One of the Elk River Alliance’s five new interpretive signs aimed at improving Elk River health and environmental literacy. The sign at Annex Pond is labelled ‘Managing Your Stormwater Pollution’. (Joshua Fischlin/The Free Press)

One of the Elk River Alliance’s five new interpretive signs aimed at improving Elk River health and environmental literacy. The sign at Annex Pond is labelled ‘Managing Your Stormwater Pollution’. (Joshua Fischlin/The Free Press)

New ERA signs in Fernie aim to increase Elk River health, environmental literacy

New signs have been posted by the Elk River Alliance in collaboration with the Ktunaxa Nation

The Elk River Alliance (ERA) has installed five new interpretive signs around Fernie.

“If you frequent the municipal green spaces around Fernie, you may have noticed some new signs pop up along the trails,” reads a press release from ERA outreach and education coordinator, Evgeni Matveev.

The ERA installed four of the signs in Fernie, and one at the Mr. Fernie Provincial Park. They are meant to increase Elk River health and environmental literacy.

The ERA worked with the Ktunaxa Nation on three of the signs to include teachings about conservation, land stewardship, and the Ktunaxa language, the release says.

Each sign was tailored to the area it was placed.

“The sign by Coal Creek encourages people not to build rock dams in the summer and includes Ktunaxa land-stewardship principles.

“The sign by Annex Pond depicts a diagram of the stormwater drainage system in Fernie and shows how all the street pollution goes directly into the river.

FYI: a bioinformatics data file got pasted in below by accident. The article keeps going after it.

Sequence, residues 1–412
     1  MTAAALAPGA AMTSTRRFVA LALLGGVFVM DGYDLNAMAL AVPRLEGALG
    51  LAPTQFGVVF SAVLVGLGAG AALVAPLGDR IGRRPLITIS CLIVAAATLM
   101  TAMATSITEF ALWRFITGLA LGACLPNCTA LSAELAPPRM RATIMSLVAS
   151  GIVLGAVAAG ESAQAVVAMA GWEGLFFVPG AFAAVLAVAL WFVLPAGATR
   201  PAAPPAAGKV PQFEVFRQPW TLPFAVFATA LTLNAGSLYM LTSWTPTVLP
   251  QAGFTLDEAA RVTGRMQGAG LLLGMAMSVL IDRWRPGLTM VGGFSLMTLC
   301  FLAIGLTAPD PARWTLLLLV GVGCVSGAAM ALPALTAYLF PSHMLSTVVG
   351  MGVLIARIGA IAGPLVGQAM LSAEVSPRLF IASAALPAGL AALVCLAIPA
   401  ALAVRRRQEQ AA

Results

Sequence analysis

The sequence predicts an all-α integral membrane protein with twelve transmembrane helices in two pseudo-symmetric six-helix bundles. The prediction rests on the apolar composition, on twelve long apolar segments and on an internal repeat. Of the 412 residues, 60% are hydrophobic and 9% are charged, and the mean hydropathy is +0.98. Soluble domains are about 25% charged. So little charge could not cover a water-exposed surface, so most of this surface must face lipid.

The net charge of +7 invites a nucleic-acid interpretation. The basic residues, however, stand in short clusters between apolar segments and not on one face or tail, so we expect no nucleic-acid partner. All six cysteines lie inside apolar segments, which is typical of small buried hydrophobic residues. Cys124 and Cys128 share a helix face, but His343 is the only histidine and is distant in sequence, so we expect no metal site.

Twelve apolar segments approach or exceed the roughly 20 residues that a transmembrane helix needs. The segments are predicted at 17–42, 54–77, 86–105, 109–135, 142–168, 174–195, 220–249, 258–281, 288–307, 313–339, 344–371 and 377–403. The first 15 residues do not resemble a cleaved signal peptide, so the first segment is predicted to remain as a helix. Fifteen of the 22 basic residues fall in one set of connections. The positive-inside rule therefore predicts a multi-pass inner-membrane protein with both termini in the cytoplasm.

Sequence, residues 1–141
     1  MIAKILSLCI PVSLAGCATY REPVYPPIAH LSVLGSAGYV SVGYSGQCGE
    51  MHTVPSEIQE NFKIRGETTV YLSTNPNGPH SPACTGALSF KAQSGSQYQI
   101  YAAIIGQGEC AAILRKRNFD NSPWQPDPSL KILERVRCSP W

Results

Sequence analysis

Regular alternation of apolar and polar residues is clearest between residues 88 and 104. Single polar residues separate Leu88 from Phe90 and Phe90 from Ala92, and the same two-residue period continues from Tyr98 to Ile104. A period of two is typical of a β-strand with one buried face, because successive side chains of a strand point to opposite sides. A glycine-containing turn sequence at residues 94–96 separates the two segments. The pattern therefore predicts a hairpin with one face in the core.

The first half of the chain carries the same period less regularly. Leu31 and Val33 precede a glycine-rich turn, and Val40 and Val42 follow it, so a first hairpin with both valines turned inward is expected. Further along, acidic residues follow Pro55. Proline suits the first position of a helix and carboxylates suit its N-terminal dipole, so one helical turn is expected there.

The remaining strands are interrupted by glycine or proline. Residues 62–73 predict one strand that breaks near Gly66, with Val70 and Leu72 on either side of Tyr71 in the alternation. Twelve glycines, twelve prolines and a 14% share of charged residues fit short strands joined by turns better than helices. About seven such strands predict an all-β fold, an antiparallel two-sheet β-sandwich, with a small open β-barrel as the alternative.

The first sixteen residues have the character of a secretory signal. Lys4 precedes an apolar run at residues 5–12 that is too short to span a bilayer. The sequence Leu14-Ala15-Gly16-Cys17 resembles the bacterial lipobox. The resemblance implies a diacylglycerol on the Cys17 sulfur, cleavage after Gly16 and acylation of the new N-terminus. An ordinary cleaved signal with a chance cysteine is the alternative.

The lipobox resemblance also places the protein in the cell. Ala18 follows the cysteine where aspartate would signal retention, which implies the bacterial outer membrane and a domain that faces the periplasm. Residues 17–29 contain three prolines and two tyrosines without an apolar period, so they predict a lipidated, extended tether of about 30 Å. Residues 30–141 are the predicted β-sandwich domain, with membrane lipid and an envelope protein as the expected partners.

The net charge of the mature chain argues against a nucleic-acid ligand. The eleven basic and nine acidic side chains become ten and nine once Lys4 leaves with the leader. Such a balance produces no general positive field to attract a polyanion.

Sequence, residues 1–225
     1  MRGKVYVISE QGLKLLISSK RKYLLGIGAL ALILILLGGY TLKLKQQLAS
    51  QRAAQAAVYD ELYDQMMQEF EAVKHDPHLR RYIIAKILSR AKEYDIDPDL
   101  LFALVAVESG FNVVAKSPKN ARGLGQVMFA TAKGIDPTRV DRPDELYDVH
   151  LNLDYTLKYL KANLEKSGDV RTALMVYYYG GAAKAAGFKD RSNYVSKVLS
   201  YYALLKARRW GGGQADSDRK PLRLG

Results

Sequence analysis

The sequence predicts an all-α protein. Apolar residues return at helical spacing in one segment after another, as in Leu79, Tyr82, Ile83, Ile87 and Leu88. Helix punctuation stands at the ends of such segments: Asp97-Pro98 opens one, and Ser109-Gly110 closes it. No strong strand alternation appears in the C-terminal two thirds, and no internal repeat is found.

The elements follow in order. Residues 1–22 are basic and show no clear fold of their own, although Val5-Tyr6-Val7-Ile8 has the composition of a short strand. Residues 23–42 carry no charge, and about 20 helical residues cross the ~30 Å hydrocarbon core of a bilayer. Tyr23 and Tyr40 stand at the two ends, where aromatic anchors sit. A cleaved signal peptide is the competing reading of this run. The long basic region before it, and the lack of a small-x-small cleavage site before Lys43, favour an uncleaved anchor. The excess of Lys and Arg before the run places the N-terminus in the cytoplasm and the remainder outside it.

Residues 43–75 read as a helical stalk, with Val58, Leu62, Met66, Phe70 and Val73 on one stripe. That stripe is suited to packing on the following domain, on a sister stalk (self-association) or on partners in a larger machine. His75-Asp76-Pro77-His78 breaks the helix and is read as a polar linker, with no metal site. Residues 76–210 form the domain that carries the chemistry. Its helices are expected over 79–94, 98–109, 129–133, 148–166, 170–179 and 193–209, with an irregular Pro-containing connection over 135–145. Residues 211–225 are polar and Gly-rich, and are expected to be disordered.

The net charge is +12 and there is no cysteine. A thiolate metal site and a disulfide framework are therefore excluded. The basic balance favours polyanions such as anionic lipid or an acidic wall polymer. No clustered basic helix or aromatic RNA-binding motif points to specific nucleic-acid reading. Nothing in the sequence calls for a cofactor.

“The sign on the north side of the North Bridge covers some basic fish handling rules and includes a Ktunaxa teaching of Skinkuȼ and Na-ḱyu (Coyote and Fox).

“The sign by Maiden Lake explains how wetlands clean the water and create a healthy ecosystem with local animals translated into the Ktunaxa language.

“The sign along Lizard Creek in Mt. Fernie Provincial Park shows the lifecycle of the Westslope Cutthroat Trout and advises people against wading through the stream during trout mating season.”

The release thanks the volunteers who helped with the initiative.

Matveev said the signs were the first project he’d undertaken when starting with the ERA in September.

“It was a lot of figuring out how to do things for the first time, but in the end, I’m really happy with how they turned out.

“I hope the Fernie community feels that way too.”

Funders for the signs include: Fortis BC, the Freshwater Fisheries Society of BC, Columbia Basin Trust, Watersheds BC, Real Estate Foundation of BC, the Government of BC, the Habitat Conservation Trust Foundation, and TD Friends of the Environment Foundation.

READ MORE: Elk River Alliance presents 2020 watershed monitoring results, says sites overall ‘looking pretty good’

READ MORE: Elk River Alliance spearheads program to collaborate on watershed monitoring


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josh.fischlin@thefreepress.ca

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